Well! At the start of this book, poor Connie never really enjoyed any sexual encounter. It’s generally described as a chore from the start. Even when she got married, with the limited time she got to spend intimate time with her husband before he was crippled in the war, she still seemed to consider sex as just one of those duties that a wife is to perform.
So later, Connie takes a lover in Michaelis. When she took the time to make sure she was satisfied with him, he actually complained to her that it took so long! As if it were a choice! It just goes to show that women always have to put the extra work into achieving anything (pleasurable or otherwise), whereas the men seem to think they’re just entitled to come-and-go as they please. (This isn’t exclusive to sex – how often in other walks of life does the woman have to do twice as much to achieve the same result…?)
And then, she begins to see the gamekeeper Oliver Mellors. Only when she begins to have a regular intimacy with the same man over a period of time, does she finally begin to enjoy herself. It takes familiarity, comfort, & both an emotional AND physical connection before Connie can relax and believe that this is “normal” and pleasurable.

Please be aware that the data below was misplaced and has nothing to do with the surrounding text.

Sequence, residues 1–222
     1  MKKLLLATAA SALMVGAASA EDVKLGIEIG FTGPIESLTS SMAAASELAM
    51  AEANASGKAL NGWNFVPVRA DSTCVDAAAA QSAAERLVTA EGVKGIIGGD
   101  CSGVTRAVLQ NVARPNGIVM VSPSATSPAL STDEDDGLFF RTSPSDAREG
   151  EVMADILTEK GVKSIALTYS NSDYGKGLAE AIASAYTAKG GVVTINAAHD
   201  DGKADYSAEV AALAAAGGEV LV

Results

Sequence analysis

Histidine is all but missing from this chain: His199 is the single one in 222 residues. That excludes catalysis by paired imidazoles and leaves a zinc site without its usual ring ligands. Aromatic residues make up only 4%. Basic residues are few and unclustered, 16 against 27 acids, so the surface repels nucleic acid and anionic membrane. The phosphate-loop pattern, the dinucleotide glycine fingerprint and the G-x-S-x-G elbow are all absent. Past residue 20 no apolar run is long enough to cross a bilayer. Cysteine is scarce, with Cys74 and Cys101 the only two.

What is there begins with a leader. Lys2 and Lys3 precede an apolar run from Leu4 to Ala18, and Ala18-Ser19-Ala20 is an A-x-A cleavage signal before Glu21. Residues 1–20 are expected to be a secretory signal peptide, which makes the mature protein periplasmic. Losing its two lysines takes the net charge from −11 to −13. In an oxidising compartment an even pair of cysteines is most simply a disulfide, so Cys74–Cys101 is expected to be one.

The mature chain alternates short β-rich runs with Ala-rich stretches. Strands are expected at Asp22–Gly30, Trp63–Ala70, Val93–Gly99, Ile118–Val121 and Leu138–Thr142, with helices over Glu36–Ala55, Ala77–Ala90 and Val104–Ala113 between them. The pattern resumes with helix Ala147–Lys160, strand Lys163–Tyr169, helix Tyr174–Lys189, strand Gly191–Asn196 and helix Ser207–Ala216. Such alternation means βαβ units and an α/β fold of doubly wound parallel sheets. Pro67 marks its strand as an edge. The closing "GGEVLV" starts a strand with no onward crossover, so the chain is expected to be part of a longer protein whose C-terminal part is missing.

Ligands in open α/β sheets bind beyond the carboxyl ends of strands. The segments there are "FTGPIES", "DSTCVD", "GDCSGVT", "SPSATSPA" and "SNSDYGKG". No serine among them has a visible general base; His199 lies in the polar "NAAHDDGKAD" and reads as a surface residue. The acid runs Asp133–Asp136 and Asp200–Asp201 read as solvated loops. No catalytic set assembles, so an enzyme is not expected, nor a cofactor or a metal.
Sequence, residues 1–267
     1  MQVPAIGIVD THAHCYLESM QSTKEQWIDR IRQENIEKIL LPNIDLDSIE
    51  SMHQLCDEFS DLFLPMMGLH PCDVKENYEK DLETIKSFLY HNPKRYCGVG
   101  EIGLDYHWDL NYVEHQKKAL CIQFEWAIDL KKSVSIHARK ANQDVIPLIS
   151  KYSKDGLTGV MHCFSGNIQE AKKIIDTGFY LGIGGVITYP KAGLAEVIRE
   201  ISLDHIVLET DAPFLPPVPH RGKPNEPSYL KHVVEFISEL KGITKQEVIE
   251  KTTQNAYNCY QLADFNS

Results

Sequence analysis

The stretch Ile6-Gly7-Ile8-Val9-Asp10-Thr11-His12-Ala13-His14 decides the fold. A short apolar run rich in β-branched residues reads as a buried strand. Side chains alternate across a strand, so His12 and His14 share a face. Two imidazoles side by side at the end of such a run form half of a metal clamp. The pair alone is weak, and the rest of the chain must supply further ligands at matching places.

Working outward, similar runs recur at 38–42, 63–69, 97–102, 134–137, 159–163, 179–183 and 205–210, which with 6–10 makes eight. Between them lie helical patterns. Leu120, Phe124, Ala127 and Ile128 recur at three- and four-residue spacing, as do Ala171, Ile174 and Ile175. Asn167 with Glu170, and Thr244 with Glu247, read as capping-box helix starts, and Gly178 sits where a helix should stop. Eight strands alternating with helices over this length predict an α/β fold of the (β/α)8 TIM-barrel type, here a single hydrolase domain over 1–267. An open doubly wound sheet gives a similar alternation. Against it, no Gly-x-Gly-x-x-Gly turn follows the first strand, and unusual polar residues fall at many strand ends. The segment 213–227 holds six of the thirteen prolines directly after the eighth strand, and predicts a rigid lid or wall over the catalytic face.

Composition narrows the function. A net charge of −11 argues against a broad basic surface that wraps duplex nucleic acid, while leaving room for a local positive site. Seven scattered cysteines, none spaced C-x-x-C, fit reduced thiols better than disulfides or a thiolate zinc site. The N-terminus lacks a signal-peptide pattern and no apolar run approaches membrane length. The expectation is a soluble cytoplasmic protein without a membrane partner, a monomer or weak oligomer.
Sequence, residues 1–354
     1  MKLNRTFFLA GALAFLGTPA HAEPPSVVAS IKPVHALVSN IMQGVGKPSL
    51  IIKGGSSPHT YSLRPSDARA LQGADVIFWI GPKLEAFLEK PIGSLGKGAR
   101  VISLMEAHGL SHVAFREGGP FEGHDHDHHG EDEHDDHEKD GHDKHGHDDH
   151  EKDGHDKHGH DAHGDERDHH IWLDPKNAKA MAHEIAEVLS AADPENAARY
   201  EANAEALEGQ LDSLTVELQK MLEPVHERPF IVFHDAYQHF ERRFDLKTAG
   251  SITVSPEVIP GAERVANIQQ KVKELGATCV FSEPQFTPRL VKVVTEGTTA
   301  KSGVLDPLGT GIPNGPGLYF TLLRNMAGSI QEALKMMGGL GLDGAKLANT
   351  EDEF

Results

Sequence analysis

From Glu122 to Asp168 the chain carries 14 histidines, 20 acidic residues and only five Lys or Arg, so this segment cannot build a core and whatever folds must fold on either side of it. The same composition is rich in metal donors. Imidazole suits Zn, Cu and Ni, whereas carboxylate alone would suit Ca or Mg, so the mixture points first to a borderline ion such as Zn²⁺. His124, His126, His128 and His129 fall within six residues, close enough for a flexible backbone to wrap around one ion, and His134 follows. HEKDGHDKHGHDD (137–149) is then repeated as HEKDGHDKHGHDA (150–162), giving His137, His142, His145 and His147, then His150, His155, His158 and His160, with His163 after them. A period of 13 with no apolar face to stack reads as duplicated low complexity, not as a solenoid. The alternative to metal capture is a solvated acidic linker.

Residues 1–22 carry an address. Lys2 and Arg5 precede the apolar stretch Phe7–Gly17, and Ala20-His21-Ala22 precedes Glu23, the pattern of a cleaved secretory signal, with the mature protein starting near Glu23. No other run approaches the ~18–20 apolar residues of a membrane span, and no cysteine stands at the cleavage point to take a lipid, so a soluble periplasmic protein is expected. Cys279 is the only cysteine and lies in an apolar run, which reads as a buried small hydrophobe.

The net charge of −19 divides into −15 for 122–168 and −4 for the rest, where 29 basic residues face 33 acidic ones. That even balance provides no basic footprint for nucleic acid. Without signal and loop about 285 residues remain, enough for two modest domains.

With the exception of some particularly coarse language (some of the four-letter-words which, in my opinion, should not really be considered as offensive as they’re purely descriptive – and accurate) this is a story about a woman finding out what it means to truly be a woman, sexual discovery is just as important in the maturity and growth of a woman as other world and social skills.
It should be noted that this novel does NOT endorse promiscuity, nor does it really teach SAFE sex; Connie was hoping to become pregnant, and at the time of writing sexually transmitted infections were neither well known nor understood.